Guide 2016

brochure Tetlin - Guide 2016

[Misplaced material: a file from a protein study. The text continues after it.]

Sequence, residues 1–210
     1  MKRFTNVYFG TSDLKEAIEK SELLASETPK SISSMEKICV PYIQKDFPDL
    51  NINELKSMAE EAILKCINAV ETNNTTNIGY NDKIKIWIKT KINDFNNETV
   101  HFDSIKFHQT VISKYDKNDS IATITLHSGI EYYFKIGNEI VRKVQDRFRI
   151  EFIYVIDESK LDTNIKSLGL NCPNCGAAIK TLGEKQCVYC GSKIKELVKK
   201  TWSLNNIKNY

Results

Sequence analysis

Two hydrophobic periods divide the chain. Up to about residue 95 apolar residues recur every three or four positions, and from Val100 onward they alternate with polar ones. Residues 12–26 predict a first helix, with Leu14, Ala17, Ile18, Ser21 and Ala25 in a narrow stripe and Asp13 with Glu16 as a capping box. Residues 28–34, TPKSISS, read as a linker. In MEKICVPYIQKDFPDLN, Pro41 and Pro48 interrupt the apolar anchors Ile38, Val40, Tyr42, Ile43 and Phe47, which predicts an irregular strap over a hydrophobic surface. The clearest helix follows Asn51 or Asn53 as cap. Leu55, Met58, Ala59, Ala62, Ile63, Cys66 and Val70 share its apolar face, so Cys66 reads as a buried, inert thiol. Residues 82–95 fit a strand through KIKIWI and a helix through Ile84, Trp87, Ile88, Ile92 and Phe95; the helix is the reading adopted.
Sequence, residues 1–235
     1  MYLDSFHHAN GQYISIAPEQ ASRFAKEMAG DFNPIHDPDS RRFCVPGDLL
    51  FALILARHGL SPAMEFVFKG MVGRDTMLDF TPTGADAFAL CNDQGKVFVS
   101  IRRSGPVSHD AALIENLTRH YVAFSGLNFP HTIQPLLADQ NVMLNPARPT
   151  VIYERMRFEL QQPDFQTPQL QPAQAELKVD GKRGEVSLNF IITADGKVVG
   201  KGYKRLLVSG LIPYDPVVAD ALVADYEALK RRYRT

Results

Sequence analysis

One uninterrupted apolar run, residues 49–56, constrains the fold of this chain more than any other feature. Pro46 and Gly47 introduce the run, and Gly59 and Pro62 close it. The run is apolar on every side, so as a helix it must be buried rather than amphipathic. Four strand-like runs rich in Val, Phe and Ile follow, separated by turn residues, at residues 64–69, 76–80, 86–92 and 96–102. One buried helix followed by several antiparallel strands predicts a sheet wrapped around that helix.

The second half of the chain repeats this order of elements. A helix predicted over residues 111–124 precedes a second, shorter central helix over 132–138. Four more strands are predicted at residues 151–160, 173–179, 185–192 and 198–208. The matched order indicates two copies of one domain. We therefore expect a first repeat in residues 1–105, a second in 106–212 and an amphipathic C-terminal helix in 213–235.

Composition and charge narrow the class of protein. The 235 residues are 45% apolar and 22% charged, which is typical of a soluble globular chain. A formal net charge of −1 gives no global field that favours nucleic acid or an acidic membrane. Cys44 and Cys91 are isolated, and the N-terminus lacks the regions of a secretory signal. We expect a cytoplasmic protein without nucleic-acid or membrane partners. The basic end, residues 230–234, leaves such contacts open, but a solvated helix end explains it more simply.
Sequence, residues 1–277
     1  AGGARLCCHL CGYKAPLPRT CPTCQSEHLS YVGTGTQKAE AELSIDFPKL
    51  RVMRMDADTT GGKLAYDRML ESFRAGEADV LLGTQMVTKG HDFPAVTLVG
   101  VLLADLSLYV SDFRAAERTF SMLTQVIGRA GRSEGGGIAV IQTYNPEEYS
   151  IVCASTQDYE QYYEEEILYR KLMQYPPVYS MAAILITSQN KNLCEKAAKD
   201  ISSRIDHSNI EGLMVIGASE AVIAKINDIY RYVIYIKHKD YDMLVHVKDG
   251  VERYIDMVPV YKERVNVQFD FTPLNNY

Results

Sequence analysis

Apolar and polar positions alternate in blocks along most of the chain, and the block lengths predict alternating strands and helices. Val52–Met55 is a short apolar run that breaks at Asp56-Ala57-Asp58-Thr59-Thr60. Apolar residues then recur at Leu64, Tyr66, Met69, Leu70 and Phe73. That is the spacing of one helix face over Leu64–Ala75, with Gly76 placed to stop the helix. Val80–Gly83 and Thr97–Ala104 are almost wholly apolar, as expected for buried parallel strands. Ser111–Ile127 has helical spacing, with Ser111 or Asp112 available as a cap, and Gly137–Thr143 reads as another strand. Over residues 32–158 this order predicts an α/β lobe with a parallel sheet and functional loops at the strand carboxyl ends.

TETLIN NATIONAL WILDLIFE REFUGE VISITOR GUIDE ACTIVITIES page 4 WILDLIFE page 10 FIRE page 12 Birds and Visitors Follow the Tetlin Passage Table of Contents Visitor Activities............................. 4 Education Programs..................... 6 Volunteer Programs..................... 7 Refuge Map...................................... 8 Refuge Facts.................................... 9 Wildlife........................................... 10 Fire................................................... 12 Communities Take Action........14 Planning Your Trip...................... 15 Visitor Information Centers.....16 Tetlin National Wildlife Refuge VISITOR GUIDE Refuge Coordinator: Kay Lynn Odle-Moore Contributors: Kay Lynn Odle-Moore, Shawn Bayless, Kristin DuBour, Nate Berg, Brian Haugen, and Tetlin Refuge staff. Photos: All photos and maps courtesy of U.S. Fish & Wildlife Service. Cover top: Biological work often requires flights to refuge lakes; cover bottom: aerial view of Tetlin National Wildlife Refuge Printed on recycled paper using soy-based inks. Greetings and welcome to Tetlin National Wildlife Refuge, the only refuge in Alaska accessible by the Alaska Highway! Tetlin Refuge was established in 1980 under the auspices of the Alaska National Interest Lands Conservation Act and encompasses over 700,000 acres in the headwaters of the Tanana River adjacent to Wrangell-St. Elias National Park and Preserve to the south and Kluane National Park in Canada. The lands and wildlife here have supported the Athabascan people for millennia and continue to provide the food and materials necessary for a subsistence lifestyle by local residents. In addition to providing breeding habitat for thousands of nesting waterfowl, Tetlin Refuge serves as a crucial migratory corridor for many other birds and mammals; over 180 bird species and 42 mammals have been documented on the refuge. I welcome your stay here in the Upper Tanana area and challenge you to see how many species you can identify! The refuge is open to hiking, canoeing, hunting, fishing, and camping and is accessible along the Alaska Highway from the Canada border to MP 1242. You may also access the refuge at the MP 1285 trailhead. Overnight camping is allowed anywhere on refuge lands, and there are two established campgrounds you are welcome to use. Don’t forget to stop at our visitor center at MP 1229! Please enjoy your stay, and don’t hesitate to give us a call at 907-883-5312. Shawn Bayless REFUGE MANAGER The Tetlin National Wildlife Refuge Visitor Guide is published by the Alaska Geographic Association in cooperation with Tetlin National Wildlife Refuge. ©Alaska Geographic Produced and Designed by: 2 The mission of the National Wildlife Refuge System is to administer a national network of lands and waters for the conservation, management, and restoration of fish, wildlife, and plant resources and their habitat for the benefit of present and future generations of Americans. Heading north up the Alaska Highway? Did you know that hundreds of thousands of birds fly a similar route known as the Tetlin Passage each spring? The Tetlin National Wildlife Refuge is situated within this natural corridor of the Upper Tanana River Valley. Each spring, from April through May, songbirds, swans, ducks, geese, shorebirds, sandhill cranes, and raptors funnel through this major migration pathway. Because it is a migration corridor for sandhill cranes with important nesting habitat for trumpeter swans, this region has received special recognition from the National Audubon Society as an Important Bird Area. Numerous birds of prey are commonly seen on the refuge. During the spring, fish-eating bald eagles and osprey often return to the same nesting areas along refuge waterways. After years of adding new material, eagle nests can span more than six feet in diameter. These habitats also support the highest density of nesting osprey in Alaska. Keep a close lookout for other commonly sighted raptors that nest here, including red-tailed hawk, northern harrier, golden eagle, great-horned owl, and northern hawk owl. In August, cooler temperatures and decreasing daylight prompt birds and visitors to move south. Trumpeter swans, the symbol of the Tetlin National Wildlife Refuge, begin leaving in mid-September. These departing flocks leave us with a sense of admiration for the many miles they will travel before their return next spring. Peregrine falcons favor river bluffs and cliffs for their nests. They make spectacular high speed dives reaching 200 miles an hour to kill prey, such as waterfowl and other birds. Once faced with near extinction, peregrine falcons have rebounded dramatically due to the banning of DDT in 1972 and protection under the Endangered Species Act. The local peregrine population has recovered from four nesting pairs to 24 in the last two decades. The olive-sided flycatcher is perhaps best known for its emphatic song: quick THREE BEERS! During the short breeding season, this drab little bird sits proudly and prominently atop spruce snags on Tetlin National Wildlife Refuge. Olive-sided flycatcher populations have experienced significant declines in recent years, and wildlife biologists at Tetlin want to better understand what factors might be contributing to these declines. One possibility is that habitat on breeding, migration, or wintering areas is impacting the birds’ survival. So Tetlin biologists are capturing olive-sided flycatchers and fitting them with tiny tracking devices (the weight of a paperclip) called geolocators. Unlike GPS-driven devices that use satellites to retrieve data, geolocators store data on-board, which means the birds must be recaptured to retrieve the information. The data these birds bring back will help us to better understand what regions are important for the olive-sided flycatcher population and where we should target conservation efforts to ensure that the species keeps coming back to Tetlin National Wildlife Refuge. 3 Visitor Activities at Tetlin Refuge Interpretive Opportunities Camping Tetlin Refuge Visitor Center (MP 1229 Alaska Hwy.) offers wildlife exhibits, visitor information, Native craft demonstrations, interpretive talks, and a large observation deck with spotting scopes. Open daily from May 15 to September 15, 8 a.m. until 4:30 p.m., with extended hours when staff is available. Two free campgrounds located along the Alaska Highway are operated by the refuge. Each has tables, toilets, firepits, and garbage containers, but no drinking water. Auto Tour CDs can be picked up and dropped off at Tetlin Refuge and Tok visitor centers. This oral narrative describes wildlife and habitats on the refuge, local Athabascan history and culture, and the construction of the Alaska Highway. Deadman Lake Campground (MP 1249 Alaska Hwy.) has interpretive talks at 7 p.m. from June through August. Highway Pullouts with interpretive panels are located in five locations along 65 miles of the Alaska Highway (see refuge map page 8). These panels highlight the dynamics of the natural landscape and local wildlife. Hiking Trappers’ Trail (MP 1229 Alaska Hwy.) is a 1/3 mile (one direction) moderate hike which leads to two Trappers’ Cabins. Deadman Lake Campground (MP 1249 Alaska Hwy.) has 15 private campsites; 6 sites are suitable for RVs. Open through late fall. Lakeview Campground (MP 1256 Alaska Hwy.) has 11 primitive campsites—not recommended for vehicles over 30 feet. Photo blind nearby. Campground Regulations • Maximum 14-day stay camping limit • Quiet hours are 10 p.m. to 7 a.m. • No shooting of firearms within 1/4 mile of the dock and all campsites • No carrying, possessing, or discharging fireworks or explosives • No harassing of wildlife or gathering of plants • Please keep a clean camp and discard all garbage and waste in the bear-proof garbage containers provided. Fish refuse should be discarded in deep water or placed in bear-proof garbage containers immediately Administrative Cabins Boating Boat ramps are located at Chisana River, 1/4-mile south of Northway Junction (MP 1264 Alaska Hwy.) and Deadman Lake Campground. Small boat and canoe access from Desper Creek (MP 1226 Alaska Hwy.) and Lakeview Campground. Fishing Northern pike, burbot, and grayling are the most popular fish on the refuge. Hidden Lake is stocked with rainbow trout. State fishing regulations are available from the visitor center, refuge headquarters, or the Alaska Department of Fish and Game in Tok. Fishing licenses are available from local businesses. Remote administrative cabins, primarily used to support refuge field operations, can be reserved at other times by the public. Call 907-883-5312 for details. Hunting Refuge lands are open to hunting under state and federal regulations. Please check with refuge staff to verify refuge boundaries. Bird Watching Spring and fall are the best times to see the greatest variety of species. Pick up a refuge bird checklist at the visitor center or headquarters. Waterfowl may be seen in these areas along the Alaska Highway: MP 1221 MP 1223-1225 MP 1249 MP 1256 MP 1267 MP 1289 Lakes on the north side of highway Desper & Scotty creeks Deadman Lake Campground Lakeview Campground Lakes south of the highway Midway Lake Seaton Recreation Area (MP 1234.7 Alaska Hwy) Hike multiple trails, ranging from 1/2 to 3/4 miles in length. Hidden Lake Trail (MP 1240 Alaska Hwy.) is a onemile, planked trail through deciduous and lowland forest to a lake stocked with rainbow trout. No facilities available. Taiga Trail (MP 1249 Alaska Hwy.) is a 1/4-mile interpretive boardwalk trail through a black spruce forest with an observation deck at the end. Located at Deadman Lake Campground. Backcountry Hiking and camping are allowed 4 throughout the refuge for experienced hikers with wilderness survival skills. Please check with refuge staff to verify refuge boundaries. Emergency Contacts Tetlin National Wildlife Refuge Mile 1.3 Borealis Avenue, Tok, 907-883-5312 Tetlin Refuge Visitor Center MP 1229 Alaska Highway, 907-774-2245 Any information on wildland fires should be reported to Tok State Forestry MP 123.5 Tok Cut-off, Tok 907-883-FIRE (3473) or 907-883-5134 5 Environmental Education for All Ages! Young people don’t have a monopoly on having fun at Tetlin. Spurred by an idea to get some of Tok’s beloved elder residents reconnected with the natural world, Tetlin Refuge is partnering with Tok Senior Center to organize enjoyable, safe, outdoor education opportunities for seniors. A leisurely, evening raft trip down the Tok River provides a grand experience for participating elders. Along the way, a recent wildfire burn sparks discussion of fire history, ecology, and plant succession. The group spots a great horned owl and watches a rainstorm come down the valley. Further downriver, a picnic supper takes main stage on a gravel bar with a great campfire. When it’s time for giant marshmallows, it’s discovered that seniors and kids have a lot in common. Environmental Education in the Schools Tetlin National Wildlife Refuge often partners with Alaska Gateway School District on special projects. During the school year, Tetlin staff assists teachers in classrooms. Science curricula includes the role of fire, migratory birds, owl pellets, waterfowl, raptors, winter adaptations and arctic survival, climate change, art with nature, Alaskan wildlife, geology, habitat, botany, the Young Naturalist Program, and Junior Duck Stamp Program. Students love learning about their natural world. What fun it is to see these future stewards of our lands learn! Summer Programs Parents and Kids Sharing the Outdoors Remember all the fun we had as kids romping through the fields and forests, playing in empty lots, getting muddy in the river? Maybe your parents took you on family hikes or camping trips? It seemed like the natural world was never far away. In today’s busy world, it’s often difficult for parents to find opportunities to share outdoor adventures with their children. Tetlin Refuge has helped make this happen through “Parents and Kids” day camps. Whether it’s learning about aquatic habitats and fishing for pike at Deadman Lake, hiking up Mount Fairplay to identify plants of the alpine tundra, or rafting on the Tok River to explore the importance of natural fire in the boreal forest, families learn and have fun together. Once they realize how much fun these “backyard” adventures can be, parents will say, “I should bring the kids here to camp out later this summer.” Or “I had no 6 idea this was such a cool spot. We’ll come back with our kayaks.” When families enjoy and learn about the outdoors together, the values of stewardship are passed on. The hope is that in years to come, when today’s kids have families of their own, these natural places will still be here for them to enjoy outdoor adventures together. For more information on summer programs, please call 907-883-5312. Volunteer and Friends Programs Get Involved and Make a Difference Together with our wonderful volunteers, we’re able to do more for you, the visitor, and the refuge. Who are our volunteers? They are people who want to give back, to be good stewards of the land, to learn more about conservation, and who enjoy the outdoors. Who are the Friends? Friends of Alaska National Wildlife Refuges is an independent, nonprofit organization dedicated to promoting the conservation of natural resources for all the National Wildlife Refuges in Alaska. What do our volunteers do? Our volunteers help to meet and greet visitors at our Visitor Center, give interpretive talks and hikes, help with maintenance and construction of facilities, and chaperone educational field trips. Volunteers with more specialized skills grade campground roads, assist with special construction projects, and conduct duck brood surveys. While giving of their time and energy, volunteers can enjoy the refuge and get to know Tetlin’s staff. When you visit Tetlin, if you find yourself thinking, “I love this place—how do I get involved?” ask us about volunteer opportunities. Time commitments vary depending on the project, with some projects requiring specialized training. The mission of our “Friends” organization is driven by the following goals: 1) Educate the public and decision-makers on local, national, and international levels about Alaska’s National Wildlife Refuges. 2) Assist the refuges in accomplishing their missions through wildlife management and habitat improvement projects. 3) Fund refuge-oriented projects through grants, memberships, donations, and other activities. Over the years, the advocacy of our Friends organization has made a difference in many significant issues facing Alaska’s refuges. If you are interested in volunteering at the refuge or in becoming a Friend, please visit www.volunteer.gov Nurturing refuges beyond our own time 7 The Tetlin wildlife refuge encompasses 934,513 acres and is part of the world’s largest contiguous conservation unit, sharing a border with Wrangell-St. Elias National Park and Preserve and Kluane National Park in Canada. The Alaska Highway borders the refuge for 65 miles providing unique opportunities to explore the area. Hundreds of thousands of birds fly the Tetlin Passage traveling from as far away as South America. Thousands of sandhill cranes migrate through the refuge in the spring and fall. Nesting trumpeter swans, once rare, are now commonly found on the refuge. The importance of this region to trumpeter swans and sandhill cranes led to the Tetlin Refuge and the Upper Tanana Valley being recognized as an Important Bird Area (IBA) of global significance. 8 9 Common Animals and Their Habitats For the lynx study, lynx are sedated while they’re assessed and collared. When it’s very cold, they’re blanketed until they’ve regained consciousness. Lynx/ Snowshoe Hare Study The lynx’s dependence on cold snowy environments and snowshoe hares for survival make them an excellent “indicator species” for the health of the boreal forest ecosystem. Lynx can move really long distances (100-1000+ miles) in search of food, mates, and habitat. The long treks lynx make may contribute to the 10-year cycle or the “traveling wave” of snowshoe hare abundance across the boreal forests of North America. Additionally, lynx movements may be critical for the long-term persistence of the species near the southern periphery of their range in Canada and the United States. For these reasons Tetlin National Wildlife Refuge has teamed up with researchers in Alaska, Canada, and the Lower 48 states to investigate movement patterns and dispersal behavior of lynx in relation to snowshoe hare abundance. This is an ambitious international project with many study sites. Cooperators and Partners: University of Alaska Fairbanks, Bonanza Creek Long Term Ecological Research Site, Alaska Department of Fish & Game, BLM Fairbanks Field Office, Department of Defense, Koyukuk-Nowitna NWR, Kanuti NWR, Yukon Flats NWR, Gates of the Arctic National Park and Preserve, Kluane Field Station of British Columbia, University of Alberta, Washington State University, University of Washington, University of Minnesota, USFS Rocky Mountain Research Station, and Boone Smith Wildlife Capture. 10 Ponds and lake edges Beaver Moose American Green-winged Teal American Widgeon Bald Eagle Horned Grebe Mallard Northern Pintail Northern Shoveler Pacific Loon Spotted Sandpiper Trumpeter Swan Wildlife Viewing Safely Keep Your Distance. If an animal alters its behavior because of your presence, you are too close. Responsible visitors use binoculars and telephoto lenses to observe an animal’s normal behavior. Wet meadows and burned areas Black & Brown Bears Coyote Red Fox American Robin Common Snipe Northern Harrier Northern Hawk Owl Red-tailed Hawk Rough-legged Hawk Savannah Sparrow Violet-green Swallow White-crowned Sparrow Caribou Moose (Rangifer tarandus) (Alces alces) A member of the deer family, caribou primarily eat lichen during the winter. This largest member of the deer family feeds primarily on willow, aspen, and birch. Both males and females have antlers; males shed antlers in early winter and females in spring. Only males have antlers which can grow an inch (2.5 cm) each day; antlers are shed in early winter. respond to repeated interference by abandoning their home, nesting sites, and even their young. Remember that we are the visitors. Bear (Ursus) Never Feed the Wildlife. Animals that Bears are active day and night, and can be anywhere. Watch for tracks and scat. If you come in close proximity to a bear, stop, remain calm, talk quietly, and then back away slowly. Don’t make sudden movements, loud noises, or turn your back on a bear. If the bear approaches, stand your ground. Do not run! become accustomed to human food become problem animals that need to be removed from the area. Don’t leave backpacks, trash, or food where an animal might find it. Drive Safely. When you see wildlife, stop to view them from a safe pullout, not from the roadway. Please do not follow an animal at close distance in your vehicle. Be alert for animals crossing the road, especially at dawn, dusk, and at night. Help Protect the Refuge. Remind others of their ethical responsibility when viewing wildlife. Moose often graze near the highway where shrubs and plants are plentiful. Both adults and young can appear suddenly from brushy roadside habitat. Be prepared for a calf and cow to cross the road separately. Caribou from two separate herds use the refuge during their migration between wintering areas and calving grounds. Respect the Animals. Animals often Forests and forest edges Black & Brown Bears Porcupine Red Squirrel Snowshoe Hare Black-capped Chickadee Boreal Chickadee Common Redpoll Gray Jay Northern Flicker Ruby-crowned Kinglet Varied Thrush Yellow-rumped Warbler Brown Bear Ursus arctos Viewing Tips Black Bear Ursus americanus Please report all bear encounters to the visitor center or headquarters. For more information on traveling in bear country visit www.fws.gov/refuge/ tetlin/visitor_activities/camping.html • Wildlife tend to be more visible during early morning twilight hours. • Be still and quiet so animals can maintain normal activity. • Your car is the best place to view and photograph wildlife. • Be aware of what’s around you, not just your chosen subject. • Stop by local visitor centers to check the daily wildlife and bird sighting report. • Become familiar with the habitat(s) and habits of the species you want to see. 11 Fire: A Work in Progress A Wilderness Laboratory Interior Alaska’s boreal forest is an unfinished masterpiece, reshaped each year by wildland fires. It’s hard to imagine that a charred landscape can be cause for celebration, but along with wind and rain, fire plays an essential role in Interior Alaska’s ecosystems. Plants and animals here have adapted to fire and often benefit from it. During the past 50 years, scientists have greatly improved their understanding of fires. Some work has been completed in the laboratory, but much of it has been accomplished in the forest during and following actual fires. Large fires make excellent laboratories, especially when they can be monitored without being suppressed. The Tetlin National Wildlife Refuge has been designated as a Land Management Resource Demonstration Area where the effects of fire can be studied. • Black spruce are very common in the Interior and have semi-serotinous cones—they need heat (from fire or intense sunlight) to open and spread seeds on newly exposed soils. A new generation is born as old trees are consumed by fire. Some of the projects already underway on the refuge include: • Studying how fire affects the seasonal distrubution of moose, and the relationship between fire and moose populations • Monitoring burn severity (how hot the fire burned) based on satellite imagery to simplify future fire assessments • Wildflowers such as lupine, fireweed, and bluebells also take advantage of exposed soil, weaving colorful carpets that may cover burned areas for several years. • Monitoring post-fire plant change over time so that long-term consequences of fire management decisions can be predicted • Willows develop wholesome new shoots that are eaten by moose and a host of small mammals. • An explosion of highly regarded morel mushrooms often occurs the summer following a wildfire, providing a tasty treat for people and wildlife. • Burned trees eventually topple and create cover for small mammals such as marten and snowshoe hares. Over time, fires remove accumulated dead vegetation and break up continuous forest stands into a patchwork of plant communities. These areas support a diversity of animals seeking food, water, and shelter. Fire is the herald of new beginnings in Interior Alaska, where most plants and animals thrive because of fire, not in spite of it. Firewise Northway and Tetlin village councils and other communities are working with Tetlin Refuge and the Alaska Division of Forestry to protect homes, schools, and other structures from wildland fires. With federal and state funding, crews thin the forest around communities and create fire breaks that dramatically reduce the wildfire hazard and provide fuel for biomass boilers that heat schools and other public buildings. Other cooperative efforts to protect developed areas include assistance agreements with local fire departments and a homeowner awareness program called “Firewise.” Firewise encourages residents to reduce hazards around homes before they are threatened by a fire. The Tetlin National Wildlife Refuge, the Alaska Division of Forestry, and residents of the Upper Tanana Valley continue to work toward “fire safe” communities in a fire-prone land. Fire Facts • WILDFIRE CYCLE: In a typical, boreal spruce forest, as found at Tetlin, the time between natural wildland fires is 80 to 200 years. • LIGHTNING ROD: The record for lightning strikes in Alaska over a 24-hour period is 9,022 on July 15, 2004. • SOME LIKE IT HOT: Black spruce cones are semi-serotinous—they need heat (from fire or intense sunlight) to open and spread seeds. • IMPROVING PLANTLIFE: Fires improve growing conditions in permafrost areas by adding nutrients to the soil and increasing the depth and warmth of the unfrozen active layer (the layer of ground above permafrost). • LOCAL FIRES: The Taylor Complex fires of 2004 near Tok and Northway burned 1,305,252 acres. • RECORD FIRE: 2004 was the largest fire season in Alaska’s history—6.5 million acres burned. Lightning caused most of these fires. 2015 was Alaska’s second largest with 5.1 million acres burned. 12 13 Protect Natural Wildlands and Wildlife Refuge Partner Visitor Guide Invasive plants are aggressive, introduced species that out-compete native plants for light, water, and nutrients. They often grow rapidly, mature early, spread seeds that survive a long time, and have no natural controls. When alien plants displace native plants, habitats may be altered and no longer suitable for some resident wildlife. People unintentionally contribute to the spread of these unwanted plants. Here’s how you can help: • Learn invasive plant names and how to identify them • Avoid purchasing contaminated seed mixes • Plant only native species • Don’t pick the flowers of unknown plants or transplant wildflowers that can’t be identified If you see an invasive species in the backcountry, report it to the Alaska Committee for Noxious and Invasive Plant Management at www.cnipm.org. Thanks for doing your part to insure that invasives don’t displace Alaska’s native plants. One of the most common invasive plants on Tetlin Refuge is white sweet clover, a tall bushy plant with little white flowers commonly seen along the road. Working Together Working together with five Upper Tanana Native communities, the refuge is managing subsistence resources and activities. By including traditional ecological knowledge in our research we are better able to understand the unique relationship traditional cultures have with nature in Alaska. This relationship has been handed down from generation-to-generation for longer than anyone really knows. With it has come guidance for respectful attitudes and actions towards the natural world. Concepts such as “only taking what is needed,” “reciprocity,” and “our interrelatedness with all beings” help us to understand how to manage the resources today and for generations of Americans yet to come. As the primary nonprofit education partner of the Tetlin National Wildlife Refuge, Alaska Geographic connects people to Alaska’s magnificent wildlands through experiential education, award-winning books and maps, and by directly supporting the state’s parks, forests, and refuges. Over the past 50 years, Alaska Geographic has donated more than $20 million to help fund educational and interpretive programs throughout Alaska’s public lands. Alaska Geographic operates 48 bookstores across the state, including our bookstores at the Tetlin Refuge Visitor Center and the Refuge Headquarters. Your purchases at these locations directly support the Tetlin National Wildlife Refuge—a portion of every sale helps fund educational and interpretive programs throughout the refuge. To find out more, become a member, or browse our wide selection of Alaska books, maps, and films, stop by any Alaska Geographic bookstore or visit our website at www.alaskageographic.org Planning Your Trip Visit the Tetlin Refuge Visitor Center to find these useful guides. In addition to books, visitors will also find maps, journals, posters, field bags, and more. The Melting Edge By Michael Collier Alaska lies squarely in the crosshairs of climate change. The impact of climate change on Alaska’s people, landscape, and wildlife is both dramatic and real. $19.95 Scats and Tracks of Alaska By James C. Halfpenny, Ph.D. A field guide to the signs of wildlife along the trails in Alaska, the Yukon, and British Columbia. Detailed illustrations, measurements, and a glossary of terms are all included. $9.95 Guide to the Birds of Alaska By Robert Armstrong Timing Is Everything Over the millennia, many birds have synchronized their annual return to Tetlin to coincide with the most favorable conditions for breeding, including when food is available. The timing of reoccurring life history events in plants and animals, such as flowering, breeding, and migration is known as phenology. Phenology is of special interest to biologists because phenological events, like migration and flowering, are among the most sensitive biological responses to climate change. For example, warmer spring temperatures on Tetlin’s breeding grounds can lead to changes in the availability of food, such as insects. Insects are very sensitive to temperature and may reach peak abundance earlier than in the past. Some bird species may be able to adapt, but for many birds the timing of spring migration is triggered by cues that are not linked to the climate at their breeding grounds; this could lead to a miss-match in the synchrony of important life history events. Tetlin National Wildlife Refuge is collaborating with the National Phenology Network to expand its observations of phenology for several key species. Some of the species being observed here at Tetlin include the American robin, dark-eyed junco, lesser yellowlegs, rusty blackbird, bumblebees, Canadian swallowtail butterfly, four-spotted skimmer dragonfly, fireweed, blueberry, and aspen. Over the long-term, local changes in the timing of biological and climatic events, when combined with phenological records gathered elsewhere, will provide us with a “big picture” look at how things are changing. This will help Tetlin Refuge adapt its management efforts to a changing environment. 14 Alaska Geographic 241 North C Street Anchorage, AK 99501 (907) 274-8440 or toll-free at (866) AK-PARKS www.alaskageographic.org This comprehensive guide to all 480 species found in the state includes full-color photos of birds that regularly appear. $26.95 Wildflowers Along the Alaska Highway By Verna Pratt This guide covers the territory from Dawson Creek, B.C. to Delta Junction and Fairbanks, Alaska and includes nearly 500 full-color photographs. $19.95 Also available online at www.alaskageographic.org 15 Visitor Information Centers Tetlin Refuge Visitor Center Alaska Highway MP 1229 Open daily from 8 a.m. to 4:30 p.m. May 15 - September 15 907-774-2245 Alaska Public Lands Information Center Alaska Highway MP 1314, Tok Open daily June 1-August 30 907-833-5666 www.alaskacenters.gov/tok.cfm Tok Mainstreet Visitor Center Alaska Highway MP 1314.5, Tok Open daily May 1-September 15 907-833-5775 www.tokalaskainfo.com State and Federal Agencies Tetlin Refuge Headquarters Mile 1.3 Borealis Ave, Tok Monday-Friday, 8 a.m. to 5 p.m. 907-883-5312 http://tetlin.fws.gov Alaska Department of Fish and Game Right at Tok Junction, 1 block on left Monday-Friday, 8 a.m. to 5 p.m. in summer 907-883-2971 www.adfg.state.ak.us Tok State Forestry MP 123.5 Tok Cut-off, Tok 907-883-5134 www.DNR.state.ak.us/forestry Headed Home with an Alaska Souvenir Wild game meat, animal parts, and some Alaska craft items made with wildlife parts (fur, ivory, baleen, bone) may require an export permit if you are driving through Canada. If you are an international visitor, please check your country’s regulations. Handcrafted items valued at less than $250 generally do not need a permit unless it uses bear, wolf, lynx, or river otter products. Marine mammal parts are not allowed into Canada. These pieces should be mailed or flown home. For More Information: U.S. Fish & Wildlife Office, Anchorage, 907-271-6198 Tetlin National Wildlife Refuge Office, Tok, 907-883-5312 U.S. Customs, Alaska Highway, 907-774-2252 Canadian Customs, Beaver Creek,